They may play along or they may decide not to play along. Not playing along can be a retreat to the old by the rejected, or a refusal to move into the new by the rejecter. Too much rejection and not enough growth can be the death of a relationship. In any relationship we are a part of this is the case.

Another time that rejection may occur in a relationship is when the other person or we are just not in the mood. In this case, even every day expected actions may not be acceptable. Most everything may be annoying and all others may need is the look on our faces to feel rejected.

A close friend told me that it’s okay for one person in a relationship to be in too sensitive state for a little bit, but not both. Probably because there ends up being too many rejections for a relationship to handle in a healthy way.

Rejection man

The Feelings of Rejection.

What it really comes down to is that anytime we introduce ourselves, speak our minds, offer or request support, give a gift or give a damn, there is the possibility of being rejected. So beware and remember that certain emotions may follow.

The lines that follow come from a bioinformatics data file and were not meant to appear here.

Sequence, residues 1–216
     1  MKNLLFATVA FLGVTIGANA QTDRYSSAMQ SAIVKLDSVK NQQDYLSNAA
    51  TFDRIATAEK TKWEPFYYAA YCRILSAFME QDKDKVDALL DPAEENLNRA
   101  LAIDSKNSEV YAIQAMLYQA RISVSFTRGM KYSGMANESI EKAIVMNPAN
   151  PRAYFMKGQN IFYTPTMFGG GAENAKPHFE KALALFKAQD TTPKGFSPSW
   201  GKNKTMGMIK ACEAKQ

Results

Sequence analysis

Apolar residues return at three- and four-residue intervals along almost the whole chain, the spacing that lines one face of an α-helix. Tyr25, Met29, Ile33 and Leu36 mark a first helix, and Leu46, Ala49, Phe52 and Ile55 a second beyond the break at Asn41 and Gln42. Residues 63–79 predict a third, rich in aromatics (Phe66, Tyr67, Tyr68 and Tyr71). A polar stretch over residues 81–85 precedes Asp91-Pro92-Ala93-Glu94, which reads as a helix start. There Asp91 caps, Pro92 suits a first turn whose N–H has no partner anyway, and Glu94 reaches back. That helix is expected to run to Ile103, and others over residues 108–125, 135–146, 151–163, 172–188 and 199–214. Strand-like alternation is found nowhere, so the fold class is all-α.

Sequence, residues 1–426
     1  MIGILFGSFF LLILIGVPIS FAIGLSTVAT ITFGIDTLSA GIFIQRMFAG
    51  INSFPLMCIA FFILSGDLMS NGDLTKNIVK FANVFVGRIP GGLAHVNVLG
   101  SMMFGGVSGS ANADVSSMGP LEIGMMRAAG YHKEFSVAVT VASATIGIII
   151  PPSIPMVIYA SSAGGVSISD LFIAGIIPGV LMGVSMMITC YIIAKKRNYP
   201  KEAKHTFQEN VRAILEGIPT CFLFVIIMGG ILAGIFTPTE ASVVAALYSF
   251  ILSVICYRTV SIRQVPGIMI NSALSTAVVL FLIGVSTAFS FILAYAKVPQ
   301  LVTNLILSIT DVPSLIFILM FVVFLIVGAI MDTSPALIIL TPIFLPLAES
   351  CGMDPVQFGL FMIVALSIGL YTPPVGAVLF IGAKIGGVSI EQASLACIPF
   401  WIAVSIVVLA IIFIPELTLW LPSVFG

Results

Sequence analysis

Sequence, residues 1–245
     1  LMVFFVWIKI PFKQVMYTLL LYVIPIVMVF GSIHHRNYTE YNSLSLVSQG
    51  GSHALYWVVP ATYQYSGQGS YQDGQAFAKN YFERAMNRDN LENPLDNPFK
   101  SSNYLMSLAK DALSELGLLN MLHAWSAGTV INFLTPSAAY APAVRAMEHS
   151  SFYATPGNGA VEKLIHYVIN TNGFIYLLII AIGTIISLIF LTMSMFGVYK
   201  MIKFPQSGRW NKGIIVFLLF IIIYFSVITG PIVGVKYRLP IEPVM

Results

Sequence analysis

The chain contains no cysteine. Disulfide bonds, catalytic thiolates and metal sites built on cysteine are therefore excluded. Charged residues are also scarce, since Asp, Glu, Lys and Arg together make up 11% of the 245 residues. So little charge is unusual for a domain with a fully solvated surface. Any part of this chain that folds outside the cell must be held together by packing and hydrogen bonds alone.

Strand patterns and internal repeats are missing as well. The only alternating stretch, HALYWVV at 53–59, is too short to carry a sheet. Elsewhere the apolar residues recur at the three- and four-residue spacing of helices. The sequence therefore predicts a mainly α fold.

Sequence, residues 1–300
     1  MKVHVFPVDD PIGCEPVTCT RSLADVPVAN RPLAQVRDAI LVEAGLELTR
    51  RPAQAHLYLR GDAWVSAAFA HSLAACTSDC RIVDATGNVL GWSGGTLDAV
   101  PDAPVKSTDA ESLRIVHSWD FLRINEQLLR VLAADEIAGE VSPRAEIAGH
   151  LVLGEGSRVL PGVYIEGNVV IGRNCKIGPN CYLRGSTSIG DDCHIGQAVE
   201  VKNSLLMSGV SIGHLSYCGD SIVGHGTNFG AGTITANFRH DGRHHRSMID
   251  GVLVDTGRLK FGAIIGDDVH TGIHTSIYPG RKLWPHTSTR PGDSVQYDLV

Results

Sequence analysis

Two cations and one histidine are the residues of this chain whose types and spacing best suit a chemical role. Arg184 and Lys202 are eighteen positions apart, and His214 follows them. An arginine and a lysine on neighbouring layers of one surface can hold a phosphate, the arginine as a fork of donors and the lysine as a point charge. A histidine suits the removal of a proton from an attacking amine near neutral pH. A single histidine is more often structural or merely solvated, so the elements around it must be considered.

Powerful feelings may be triggered when we feel rejected. They can range from deep agony and loneliness to all-out blind rage. The feelings could also be as subtle as a little irritation, to really no problematic feeling at all. Some of these emotions can bring great pain. Especially if there was a great emotional investment in and great expectations for the relationship.

When we offer up our needs, desires, and assistance we are putting ourselves out on a limb of sorts. These efforts are an investment toward a way of life that we may want. As well as a bit of a lifeline at times to see that we aren’t alone in this world. It can suck to have our efforts rejected since other people are so important for our successful personal development and often times our survival.

The pain from rejection is very real. In this Psychology today article it talks about how feelings of rejection piggyback on physical pain pathways in the brain. Another hint at this is that pain relievers like Tylenol have actually been shown to dull the pain of rejection.